5 things to know before the stock market opens Wednesday

view original post

Tech stocks on display at the Nasdaq. 

Peter Kramer | CNBC

Here are the most important news items that investors need to start their trading day:

1. The Nasdaq is warming up

There are still plenty of data dumps and reports ahead that could put the chill on stocks. But for now, U.S. equities markets are doing just fine in the early days of 2023. The Nasdaq, especially, is generating some heat, posting three winning sessions in a row. The tech-heavy index is coming off a bad 2022, falling much more than the broader S&P 500 and the blue-chip Dow, as rising interest rates spoiled many investors’ appetites for risk. Still, rates aren’t coming down any time soon, and the Federal Reserve is indeed expected to hike them further, so this rally may not have legs. Read live markets updates here.

2. Wells Fargo scales back mortgage biz

People walk past a Wells Fargo branch on January 10, 2023 in New York City.

Leonardo Munoz | View Press | Corbis News | Getty Images

Wells Fargo was the nation’s top mortgage lender as of 2019. Now, as the big bank faces tighter regulatory scrutiny and higher interest rates, it’s taking a huge step back from the housing market. This will put it more in line with rivals such as JPMorgan Chase and Bank of America, which reduced their share of the mortgage market following the 2008 financial crisis. “We are acutely aware of Wells Fargo’s history since 2016 and the work we need to do to restore public confidence,” Wells Fargo consumer lending chief Kleber Santos told CNBC’s Hugh Son. “As part of that review, we determined that our home-lending business was too large, both in terms of overall size and its scope.”

3. Powell shakes off political pressure

The Federal Reserve is hearing it from all sides as its policymakers attempt to tame inflation by raising interest rates. The central bank’s critics said it took too long to address the issue, as prices surged at the hottest clip in four decades. Now they’re saying the Fed is doing too much to fix it, potentially putting the economy at risk of a recession. This is why, Chairman Jerome Powell said, it’s a good thing that the Fed is politically independent. “The absence of direct political control over our decisions allows us to take these necessary measures without considering short-term political factors,” he said Tuesday in prepared remarks to Sweden’s Riksbank. The Fed’s next rate-setting meeting is set to run Jan. 31 and Feb. 1.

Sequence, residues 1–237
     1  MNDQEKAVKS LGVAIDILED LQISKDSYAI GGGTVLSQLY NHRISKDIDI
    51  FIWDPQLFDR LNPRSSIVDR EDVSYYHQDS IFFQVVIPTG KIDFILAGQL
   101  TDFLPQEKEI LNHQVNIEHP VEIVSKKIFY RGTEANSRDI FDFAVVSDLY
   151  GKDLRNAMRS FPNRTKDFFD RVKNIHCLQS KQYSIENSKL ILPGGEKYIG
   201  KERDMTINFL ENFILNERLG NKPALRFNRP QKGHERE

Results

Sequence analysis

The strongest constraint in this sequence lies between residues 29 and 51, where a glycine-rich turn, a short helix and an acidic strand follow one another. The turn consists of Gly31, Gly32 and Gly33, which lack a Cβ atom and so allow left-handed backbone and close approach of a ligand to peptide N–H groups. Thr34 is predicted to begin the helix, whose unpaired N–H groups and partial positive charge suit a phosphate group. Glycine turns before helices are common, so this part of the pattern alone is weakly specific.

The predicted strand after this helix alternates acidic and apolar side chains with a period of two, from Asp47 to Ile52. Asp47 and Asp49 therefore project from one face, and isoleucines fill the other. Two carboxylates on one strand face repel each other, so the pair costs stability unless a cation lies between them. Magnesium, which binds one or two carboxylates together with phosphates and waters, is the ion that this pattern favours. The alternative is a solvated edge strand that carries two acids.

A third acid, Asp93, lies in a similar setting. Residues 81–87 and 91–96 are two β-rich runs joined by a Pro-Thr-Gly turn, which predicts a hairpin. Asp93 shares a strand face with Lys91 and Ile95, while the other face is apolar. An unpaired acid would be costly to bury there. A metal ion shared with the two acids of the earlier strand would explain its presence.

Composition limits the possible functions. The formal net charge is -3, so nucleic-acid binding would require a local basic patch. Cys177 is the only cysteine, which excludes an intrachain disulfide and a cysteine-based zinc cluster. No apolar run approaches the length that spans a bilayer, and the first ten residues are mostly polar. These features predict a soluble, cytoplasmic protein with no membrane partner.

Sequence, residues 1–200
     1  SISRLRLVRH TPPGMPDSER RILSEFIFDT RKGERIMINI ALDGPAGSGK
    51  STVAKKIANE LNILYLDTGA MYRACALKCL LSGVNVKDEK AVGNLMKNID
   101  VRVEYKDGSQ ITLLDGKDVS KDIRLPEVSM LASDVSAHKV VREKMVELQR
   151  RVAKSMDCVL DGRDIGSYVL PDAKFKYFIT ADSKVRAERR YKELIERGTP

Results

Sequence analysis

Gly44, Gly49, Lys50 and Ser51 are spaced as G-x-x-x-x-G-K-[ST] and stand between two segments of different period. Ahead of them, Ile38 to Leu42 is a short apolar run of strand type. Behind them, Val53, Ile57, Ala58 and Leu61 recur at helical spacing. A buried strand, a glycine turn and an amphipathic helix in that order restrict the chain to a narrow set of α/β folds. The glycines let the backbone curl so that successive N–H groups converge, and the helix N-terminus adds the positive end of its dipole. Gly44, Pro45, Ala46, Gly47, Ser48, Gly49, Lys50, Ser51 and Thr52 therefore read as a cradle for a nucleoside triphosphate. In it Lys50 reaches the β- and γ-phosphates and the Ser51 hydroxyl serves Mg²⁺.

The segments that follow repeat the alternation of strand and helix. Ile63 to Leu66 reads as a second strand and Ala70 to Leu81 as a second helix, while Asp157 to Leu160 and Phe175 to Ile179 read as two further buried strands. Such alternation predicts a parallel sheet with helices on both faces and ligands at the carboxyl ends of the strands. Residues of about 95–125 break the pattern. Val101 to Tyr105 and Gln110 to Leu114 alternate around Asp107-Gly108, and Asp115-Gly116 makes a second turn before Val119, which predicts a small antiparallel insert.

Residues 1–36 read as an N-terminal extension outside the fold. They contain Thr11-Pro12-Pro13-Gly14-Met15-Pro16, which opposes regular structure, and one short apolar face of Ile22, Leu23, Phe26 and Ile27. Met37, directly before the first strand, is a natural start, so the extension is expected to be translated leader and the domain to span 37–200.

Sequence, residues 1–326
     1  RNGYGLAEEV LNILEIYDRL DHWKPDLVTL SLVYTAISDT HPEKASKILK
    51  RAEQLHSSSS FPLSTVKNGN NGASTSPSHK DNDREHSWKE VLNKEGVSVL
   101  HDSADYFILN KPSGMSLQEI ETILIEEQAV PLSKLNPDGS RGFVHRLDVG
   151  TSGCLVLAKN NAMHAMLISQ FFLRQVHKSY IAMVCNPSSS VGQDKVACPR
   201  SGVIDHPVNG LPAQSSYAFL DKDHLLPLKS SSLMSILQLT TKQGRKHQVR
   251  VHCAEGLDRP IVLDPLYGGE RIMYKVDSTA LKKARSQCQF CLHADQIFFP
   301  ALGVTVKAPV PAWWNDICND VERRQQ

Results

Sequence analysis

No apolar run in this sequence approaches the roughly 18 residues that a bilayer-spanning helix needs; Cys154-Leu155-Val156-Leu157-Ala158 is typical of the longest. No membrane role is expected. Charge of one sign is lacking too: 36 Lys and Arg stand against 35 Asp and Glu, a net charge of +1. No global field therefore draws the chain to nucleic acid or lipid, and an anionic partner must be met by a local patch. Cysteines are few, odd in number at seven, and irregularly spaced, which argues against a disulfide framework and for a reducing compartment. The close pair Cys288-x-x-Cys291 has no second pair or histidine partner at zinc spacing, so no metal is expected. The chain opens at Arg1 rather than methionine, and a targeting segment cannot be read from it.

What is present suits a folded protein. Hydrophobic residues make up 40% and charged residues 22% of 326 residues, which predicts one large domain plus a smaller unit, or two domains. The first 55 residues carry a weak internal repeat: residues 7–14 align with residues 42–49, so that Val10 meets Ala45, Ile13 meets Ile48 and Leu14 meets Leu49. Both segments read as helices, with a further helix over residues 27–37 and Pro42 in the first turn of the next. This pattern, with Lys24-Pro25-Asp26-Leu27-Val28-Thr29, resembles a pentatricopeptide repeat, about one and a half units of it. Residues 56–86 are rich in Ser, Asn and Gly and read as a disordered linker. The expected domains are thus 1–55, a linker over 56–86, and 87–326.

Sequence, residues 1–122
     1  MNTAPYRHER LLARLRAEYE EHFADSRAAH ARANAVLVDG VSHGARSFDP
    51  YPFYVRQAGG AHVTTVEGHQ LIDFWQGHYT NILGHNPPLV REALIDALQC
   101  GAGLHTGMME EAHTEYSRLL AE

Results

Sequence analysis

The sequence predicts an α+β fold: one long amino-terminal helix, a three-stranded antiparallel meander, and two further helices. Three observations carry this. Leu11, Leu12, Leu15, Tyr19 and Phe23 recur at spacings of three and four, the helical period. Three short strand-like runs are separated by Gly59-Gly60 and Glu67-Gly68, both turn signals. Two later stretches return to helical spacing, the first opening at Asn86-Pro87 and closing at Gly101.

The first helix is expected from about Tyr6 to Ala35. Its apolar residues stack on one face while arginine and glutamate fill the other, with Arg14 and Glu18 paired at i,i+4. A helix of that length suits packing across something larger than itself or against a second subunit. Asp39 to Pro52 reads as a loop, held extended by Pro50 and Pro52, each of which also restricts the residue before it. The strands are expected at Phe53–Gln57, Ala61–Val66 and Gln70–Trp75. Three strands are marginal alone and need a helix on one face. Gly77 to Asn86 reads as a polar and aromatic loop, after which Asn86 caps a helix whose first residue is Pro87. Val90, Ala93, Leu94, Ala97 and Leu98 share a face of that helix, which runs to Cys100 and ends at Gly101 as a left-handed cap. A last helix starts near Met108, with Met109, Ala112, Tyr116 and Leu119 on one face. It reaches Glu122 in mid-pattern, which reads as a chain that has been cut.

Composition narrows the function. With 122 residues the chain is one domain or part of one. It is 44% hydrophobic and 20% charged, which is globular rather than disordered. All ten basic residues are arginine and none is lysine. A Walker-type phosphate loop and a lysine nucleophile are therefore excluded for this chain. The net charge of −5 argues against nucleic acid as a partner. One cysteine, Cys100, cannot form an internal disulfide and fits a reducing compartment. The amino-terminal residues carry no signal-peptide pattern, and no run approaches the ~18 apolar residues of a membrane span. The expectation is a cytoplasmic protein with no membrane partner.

4. The World Bank’s warning

The World Bank has grown more pessimistic about the global economy, dramatically cutting its projections for growth. “Global growth has slowed to the extent that the global economy is perilously close to falling into recession,” the institution said Tuesday. Overall, it said it now expects global economic growth to hit 1.7% this year, down from its previous call of 3%. The World Bank significantly cut its outlook for U.S. economic growth, as well: down to 0.5% from its earlier projection of 2.4%. If these projections come to fruition, they would represent the third-slowest pace of growth in about 30 years, trailing only the slowdowns triggered by the financial crisis and the Covid pandemic, the World Bank said.

5. High drama at WWE

World Wrestling Entertainment Inc. Chairman Vince McMahon is introduced during the WWE Monday Night Raw show at the Thomas & Mack Center August 24, 2009 in Las Vegas, Nevada.

Ethan Miller | Getty Images

The corporate drama playing out at World Wrestling Entertainment could be a pro wrestling story line in its own right. Vince McMahon, the company’s controlling shareholder and a frequent participant in its scripted soap opera-style narratives, retired over the summer after a company investigation revealed that he had paid millions of dollars in hush money to women who made sexual misconduct claims against him. His daughter, Stephanie, took over as co-CEO alongside former president Nick Khan. But Vince McMahon didn’t go quietly. He pushed his way back into the company last week, effectively crowning himself executive chairman as the WWE explores a possible sale. In turn, Stephanie McMahon stepped down as co-CEO on Tuesday, and sale rumors have picked up. After defying broader media stock trends by actually rising last year, WWE shares are already up a whopping 31% so far this year through Tuesday’s close.

– CNBC’s Hugh Son, Jeff Cox, Jihye Lee and Alex Sherman contributed to this report.

Follow broader market action like a pro on CNBC Pro.